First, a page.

Search, collect and analyse social media for data to inform your research.

Social media platforms allow users to create and share content. The content can include text, images, video and audio. There are a range of sites that contain social media content, including blogs, forums, image and video sharing sites, and platforms such as Twitter and Facebook. Many news sites allow users to post comments and are, therefore, a source of social media data.

Search social media to find:

  • public knowledge and awareness
  • opinions or developing ideas
  • reactions to events
  • social trends
  • key people in different fields - researchers use social media to disseminate and comment on their research

Comprehensive, systematic searches of social media platforms can be challenging due to the:

  • vast amounts of data
  • limits of the search tools available
  • use of non-standard terminology and expressions
  • poorly described audio and video

Check our guide on planning your search before you start. Think about the main concepts and identify synonyms, alternate terminology and variant spellings for the topics you are researching.

Tools for searching social media

It is easier to search for current social media content at the time it is created. It may be very difficult or impossible to locate all past social media on a topic because:

  • the data is posted privately to a select group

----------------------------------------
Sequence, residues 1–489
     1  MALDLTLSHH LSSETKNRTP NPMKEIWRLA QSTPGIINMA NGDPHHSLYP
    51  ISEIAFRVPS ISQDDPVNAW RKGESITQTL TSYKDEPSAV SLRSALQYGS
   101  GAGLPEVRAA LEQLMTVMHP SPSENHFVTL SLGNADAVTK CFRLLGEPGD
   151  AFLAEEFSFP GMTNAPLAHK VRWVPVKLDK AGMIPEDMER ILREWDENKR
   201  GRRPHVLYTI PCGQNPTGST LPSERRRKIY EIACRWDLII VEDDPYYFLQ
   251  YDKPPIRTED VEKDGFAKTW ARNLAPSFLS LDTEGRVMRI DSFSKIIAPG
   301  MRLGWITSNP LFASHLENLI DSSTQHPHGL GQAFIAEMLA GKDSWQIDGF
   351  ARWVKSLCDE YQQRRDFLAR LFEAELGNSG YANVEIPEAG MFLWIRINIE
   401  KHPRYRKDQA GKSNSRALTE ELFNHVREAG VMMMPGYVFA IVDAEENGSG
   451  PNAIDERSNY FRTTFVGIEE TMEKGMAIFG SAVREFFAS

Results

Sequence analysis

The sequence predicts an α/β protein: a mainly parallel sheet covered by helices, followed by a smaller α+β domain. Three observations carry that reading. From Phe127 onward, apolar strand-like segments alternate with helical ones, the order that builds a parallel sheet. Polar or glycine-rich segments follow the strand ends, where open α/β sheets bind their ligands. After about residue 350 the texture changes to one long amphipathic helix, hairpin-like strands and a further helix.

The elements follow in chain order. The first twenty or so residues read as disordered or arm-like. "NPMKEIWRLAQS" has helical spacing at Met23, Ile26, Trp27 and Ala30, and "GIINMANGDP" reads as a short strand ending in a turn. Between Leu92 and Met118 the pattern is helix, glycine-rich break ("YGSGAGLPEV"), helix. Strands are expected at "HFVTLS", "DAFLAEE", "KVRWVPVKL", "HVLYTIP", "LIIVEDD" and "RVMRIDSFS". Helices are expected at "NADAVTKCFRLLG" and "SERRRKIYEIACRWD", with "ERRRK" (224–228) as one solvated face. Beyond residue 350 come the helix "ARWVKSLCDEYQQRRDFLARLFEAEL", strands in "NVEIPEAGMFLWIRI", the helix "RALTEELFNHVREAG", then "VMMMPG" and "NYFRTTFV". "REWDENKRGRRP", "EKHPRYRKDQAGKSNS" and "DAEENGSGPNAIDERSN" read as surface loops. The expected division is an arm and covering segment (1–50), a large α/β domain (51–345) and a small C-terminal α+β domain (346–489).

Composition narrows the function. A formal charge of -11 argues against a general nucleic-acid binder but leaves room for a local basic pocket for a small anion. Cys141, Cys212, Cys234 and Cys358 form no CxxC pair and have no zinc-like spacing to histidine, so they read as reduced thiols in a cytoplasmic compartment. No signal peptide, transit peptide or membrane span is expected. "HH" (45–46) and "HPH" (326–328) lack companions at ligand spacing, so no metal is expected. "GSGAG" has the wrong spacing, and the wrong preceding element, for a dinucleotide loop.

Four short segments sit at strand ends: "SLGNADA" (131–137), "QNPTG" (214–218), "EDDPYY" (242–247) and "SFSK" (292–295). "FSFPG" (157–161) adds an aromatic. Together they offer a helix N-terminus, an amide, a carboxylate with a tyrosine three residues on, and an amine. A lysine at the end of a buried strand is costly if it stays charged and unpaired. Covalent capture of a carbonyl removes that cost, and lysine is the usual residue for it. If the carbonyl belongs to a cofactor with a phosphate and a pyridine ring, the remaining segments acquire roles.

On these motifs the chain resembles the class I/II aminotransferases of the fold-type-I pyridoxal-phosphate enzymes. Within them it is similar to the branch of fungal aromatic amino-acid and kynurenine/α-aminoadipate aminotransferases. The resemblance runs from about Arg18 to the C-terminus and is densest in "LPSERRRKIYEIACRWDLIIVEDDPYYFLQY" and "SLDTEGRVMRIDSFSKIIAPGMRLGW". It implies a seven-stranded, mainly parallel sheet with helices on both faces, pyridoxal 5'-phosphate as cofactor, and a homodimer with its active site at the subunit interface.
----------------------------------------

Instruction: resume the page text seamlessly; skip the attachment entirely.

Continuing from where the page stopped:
• the posts or accounts may be deleted and the data no longer accessible

If one tool does not give you the results you need, try another tool to see if it returns better results.

Google tools

Google advanced search

Use Google advanced search to find current and past results from a particular social media site. Google advanced search:

  • won’t limit the number of results
  • returns results from farther in the past than many other tools

Note that you can only search one site or domain at a time. See our web searching guide for tips on how to search Google.

Set up an alert

Set up a Google alert on your search to monitor for new results. Adjust the alert settings, including how often you receive the alert.

Investigating trends

Google trends is a useful tool for examining interest in a topic over time and by region. Use the Explore topics field to search on your topic. The related queries and comparison tool can help you determine which terminology is commonly used in your area of interest.

Social searcher

Social searcher is a social media search engine with free and paid plans. You can search without logging in for publicly posted information on social media sites, including Twitter, Google+, Facebook, YouTube, Instagram, Tumblr, Flickr, and more.  

Social searcher:

  • lets you pick which social media sites or types to search or you can search all at once
  • has limits on the number of posts and dates retrieved
  • offers an email alert feature. Set up an account to use it
  • allows results to be exported to a CSV file

Analytics on Social searcher

Social searcher has interesting analytics features, including:

  • listing hashtags and keywords used within the posts. These are useful for extending or focusing your search.
  • identifying popular and active users. This may help you find key people or groups.